A dragon would make a perfect companion. I have thought this for as long as I’ve been old enough to listen to stories of mythical landscapes populated by fantastic creatures unfettered by the laws of reality. I pictured myself riding a dragon into a painted sunset, fearless and warlike at four years old. Dragons were the ultimate symbol of creatures who could rise above rules that governed my world.
This was only the first of my many infatuations with surreal ideas. The dragon years were immediately followed by a sequence of similarly obsessive phases. As I upgraded my reading level and ravaged local bookstores, images of wizards, unicorns, flying, shrinking, time travel, mind-reading and shapeshifting began to march through my dreams like an impossible parade. I daydreamed about worlds with pink skies and white grass dusted by midnight-blue snow. Like so many children for whom reality wasn’t quite weird enough, I had found my strange world in fantasy; and, like so many children, I was hooked.
Eventually, my intellectual life became absorbing enough that I didn’t have much time for fantasy. I learned script, memorized state capitals and wondered how high the times tables went, but I still craved that otherworldly element. Though I pretended otherwise, maturity had only sharpened my desire to meet with the unreal.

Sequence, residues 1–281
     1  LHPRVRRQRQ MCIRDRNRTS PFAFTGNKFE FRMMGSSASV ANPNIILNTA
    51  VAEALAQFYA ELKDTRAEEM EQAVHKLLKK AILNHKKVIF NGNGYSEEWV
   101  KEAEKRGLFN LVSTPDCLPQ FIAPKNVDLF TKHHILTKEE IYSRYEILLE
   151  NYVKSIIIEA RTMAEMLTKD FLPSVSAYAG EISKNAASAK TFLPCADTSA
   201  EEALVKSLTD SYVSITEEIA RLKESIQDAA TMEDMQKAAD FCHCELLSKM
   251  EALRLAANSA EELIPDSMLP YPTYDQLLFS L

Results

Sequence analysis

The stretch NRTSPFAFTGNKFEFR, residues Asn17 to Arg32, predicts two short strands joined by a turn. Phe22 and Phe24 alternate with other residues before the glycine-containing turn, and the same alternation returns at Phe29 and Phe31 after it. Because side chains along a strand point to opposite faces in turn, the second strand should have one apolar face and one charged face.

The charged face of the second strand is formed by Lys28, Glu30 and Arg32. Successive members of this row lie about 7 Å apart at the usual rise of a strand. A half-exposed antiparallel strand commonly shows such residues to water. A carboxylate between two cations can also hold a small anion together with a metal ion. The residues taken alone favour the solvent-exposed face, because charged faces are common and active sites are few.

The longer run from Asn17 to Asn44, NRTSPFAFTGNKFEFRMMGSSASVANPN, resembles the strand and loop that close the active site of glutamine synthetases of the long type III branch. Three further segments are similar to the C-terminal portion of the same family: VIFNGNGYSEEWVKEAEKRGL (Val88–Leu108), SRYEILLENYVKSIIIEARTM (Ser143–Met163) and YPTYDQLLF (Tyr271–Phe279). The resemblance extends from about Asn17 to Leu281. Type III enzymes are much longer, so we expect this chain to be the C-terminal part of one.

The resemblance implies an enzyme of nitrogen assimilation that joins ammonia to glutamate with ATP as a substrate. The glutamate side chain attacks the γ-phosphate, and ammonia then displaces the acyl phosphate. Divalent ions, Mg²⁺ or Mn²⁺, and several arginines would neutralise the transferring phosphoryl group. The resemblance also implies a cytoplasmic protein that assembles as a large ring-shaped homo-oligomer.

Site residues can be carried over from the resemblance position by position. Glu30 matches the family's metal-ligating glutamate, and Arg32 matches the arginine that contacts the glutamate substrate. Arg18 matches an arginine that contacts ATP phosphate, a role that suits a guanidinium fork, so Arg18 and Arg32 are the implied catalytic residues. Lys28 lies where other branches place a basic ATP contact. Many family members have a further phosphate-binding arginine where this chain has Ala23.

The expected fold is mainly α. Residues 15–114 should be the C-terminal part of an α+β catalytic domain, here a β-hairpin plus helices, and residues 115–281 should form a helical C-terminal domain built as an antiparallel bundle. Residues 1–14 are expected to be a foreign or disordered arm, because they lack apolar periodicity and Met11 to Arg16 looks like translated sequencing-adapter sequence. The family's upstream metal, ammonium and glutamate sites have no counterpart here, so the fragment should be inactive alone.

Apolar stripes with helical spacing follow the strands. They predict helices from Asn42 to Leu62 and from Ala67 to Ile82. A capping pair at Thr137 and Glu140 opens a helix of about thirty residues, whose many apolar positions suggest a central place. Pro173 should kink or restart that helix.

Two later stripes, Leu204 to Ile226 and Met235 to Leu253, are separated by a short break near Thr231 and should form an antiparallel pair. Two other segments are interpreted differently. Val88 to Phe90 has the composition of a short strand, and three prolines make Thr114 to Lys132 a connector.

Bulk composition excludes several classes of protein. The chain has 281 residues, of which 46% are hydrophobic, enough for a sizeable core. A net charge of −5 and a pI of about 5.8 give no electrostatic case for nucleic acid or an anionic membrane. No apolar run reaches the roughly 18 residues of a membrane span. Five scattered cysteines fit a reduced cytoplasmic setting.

In was the fall of my junior year of high school, I decided on a whim to spend my autumn working on the school’s dramatic theater production. The acting exercises siphoned off my creative energies beautifully, but it was a bit of offhand advice from my director that really gave me the magic I needed: “Take pleasure in everything.” He was referring, of course, to the wild pleasure of just being on stage, the blessed opportunity to exist in another world for a few acts and to experience the strangeness of theater. However, I have always had a tendency to overanalyze words of wisdom. I took his thespian maxim and interpreted it to mean that I should take pleasure in the strangeness of my entire life and every moment it contains.
With that, my paradigm shifted. The world is more inexplicably and delightfully odd than any mythical realm a children’s author could ever hope to invent. I take pleasure in how weird and wonderful the human form has evolved to be. I take pleasure in the absurdity of the fundamental laws of science that shape everything I experience. I take pleasure in the ridiculous colors that nature already has, in the oddness of human cultures and the fabulous fantasy of the things we build and do every single day.
That day, with my director’s inadvertent inspiration, I was able to wean myself off of fantasy. I still believe in magic, but it is no longer unattainable. I believe that everything about life, including and transcending science and logic, is perfect magic. Yes, I’m still waiting on that dragon ride, but until that day comes I’ve got plenty of other fantasy to enjoy.
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